So why not look at a fresh approach to compliance that involves working from a single approved set of master data that can be reused and repurposed with minimal effort, under strict central controls but with maximal payback?

It is only with this kind of transformation to internal processes that companies can hope to turn UDI and other regulatory requirements to their advantage.

What do you think?



International regulatory requirements are becoming ever more stringent in the medical device sector. Organisations that apply point solutions for each new mandate may be creating unnecessary work and cost for themselves. Neil Gleghorn, managing director of artwork management firm Kallik, believes there is a better way.

To read the full article, please visit PMP News:


By Neil Gleghorn, CEO and Founder of Kallik

Having a busy Q2? We certainly are here at Kallik – especially around helping customers deal with their regulatory obligations.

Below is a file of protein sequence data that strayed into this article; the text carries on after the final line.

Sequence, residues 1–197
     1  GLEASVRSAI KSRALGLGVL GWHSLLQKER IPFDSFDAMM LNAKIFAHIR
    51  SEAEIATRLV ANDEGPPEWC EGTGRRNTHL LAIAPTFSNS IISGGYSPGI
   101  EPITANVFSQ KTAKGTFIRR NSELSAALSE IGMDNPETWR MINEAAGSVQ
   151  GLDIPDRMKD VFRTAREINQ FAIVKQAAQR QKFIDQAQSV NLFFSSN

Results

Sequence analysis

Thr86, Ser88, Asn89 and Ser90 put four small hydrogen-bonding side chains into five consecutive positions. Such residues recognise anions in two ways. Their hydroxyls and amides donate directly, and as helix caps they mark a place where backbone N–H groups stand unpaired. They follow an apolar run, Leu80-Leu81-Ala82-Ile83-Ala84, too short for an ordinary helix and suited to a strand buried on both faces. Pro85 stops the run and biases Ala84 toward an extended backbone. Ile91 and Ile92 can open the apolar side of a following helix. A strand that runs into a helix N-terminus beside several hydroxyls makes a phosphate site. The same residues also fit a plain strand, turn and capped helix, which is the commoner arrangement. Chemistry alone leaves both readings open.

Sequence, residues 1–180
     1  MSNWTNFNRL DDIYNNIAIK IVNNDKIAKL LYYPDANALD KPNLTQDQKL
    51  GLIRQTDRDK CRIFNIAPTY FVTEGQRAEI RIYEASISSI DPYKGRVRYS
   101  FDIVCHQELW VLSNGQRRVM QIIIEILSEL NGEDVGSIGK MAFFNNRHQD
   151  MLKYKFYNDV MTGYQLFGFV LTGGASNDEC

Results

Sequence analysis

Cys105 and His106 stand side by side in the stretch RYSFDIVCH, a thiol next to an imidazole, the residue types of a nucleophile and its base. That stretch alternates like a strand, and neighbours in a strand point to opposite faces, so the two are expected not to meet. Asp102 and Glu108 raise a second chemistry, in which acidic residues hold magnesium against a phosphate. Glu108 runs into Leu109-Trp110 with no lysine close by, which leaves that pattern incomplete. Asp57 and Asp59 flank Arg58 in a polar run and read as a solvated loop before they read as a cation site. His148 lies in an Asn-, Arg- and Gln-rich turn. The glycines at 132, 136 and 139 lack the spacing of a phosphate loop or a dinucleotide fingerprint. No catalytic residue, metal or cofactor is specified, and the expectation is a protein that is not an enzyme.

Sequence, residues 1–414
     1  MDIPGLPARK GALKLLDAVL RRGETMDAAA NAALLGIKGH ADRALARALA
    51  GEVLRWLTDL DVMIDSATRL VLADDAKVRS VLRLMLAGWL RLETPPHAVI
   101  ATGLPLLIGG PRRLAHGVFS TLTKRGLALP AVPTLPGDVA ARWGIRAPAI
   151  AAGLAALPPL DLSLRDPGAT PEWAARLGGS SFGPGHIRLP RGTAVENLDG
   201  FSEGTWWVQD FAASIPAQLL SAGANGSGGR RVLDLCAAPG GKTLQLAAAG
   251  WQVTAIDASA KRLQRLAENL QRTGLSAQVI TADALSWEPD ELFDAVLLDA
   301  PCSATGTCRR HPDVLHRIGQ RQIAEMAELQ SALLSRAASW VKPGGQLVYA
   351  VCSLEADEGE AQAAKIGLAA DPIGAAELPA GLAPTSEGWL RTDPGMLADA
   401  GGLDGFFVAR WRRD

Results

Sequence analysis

When we spoke before, (‘Compliance Only Ever Matters If You Need To Demonstrate It!’) we started to flag up the importance of new compliance changes coming your way. The one to keep your eye on closest is the US Food and Drug Administration’s unique device identifier (UDI) – a universally accepted product identification standard.

Set to be included on product labels, UDI has been architected to make individual items much easier to trace as they move through the supply chain and enter the marketplace. UDI comes into force in the US as early as September, with Europe expected to follow suit within the next two or maybe three years, then China and the rest of the world.

We see UDI as a very positive step in improving patient safety; it will also help device manufacturers minimise risk and make any product recalls much easier to contain. But getting set for UDI is a significant undertaking from the supplier point of view.

Actually, if you only put budget in to deal with UDI – you might be making a bit of a mistake. Why? Addressing UDI traceability in isolation could well be a wasted opportunity – as merely adding UDI traceability codes into your labelling process when all your underlying label management processes are a mass of complexity and inconsistency is probably just papering over the cracks.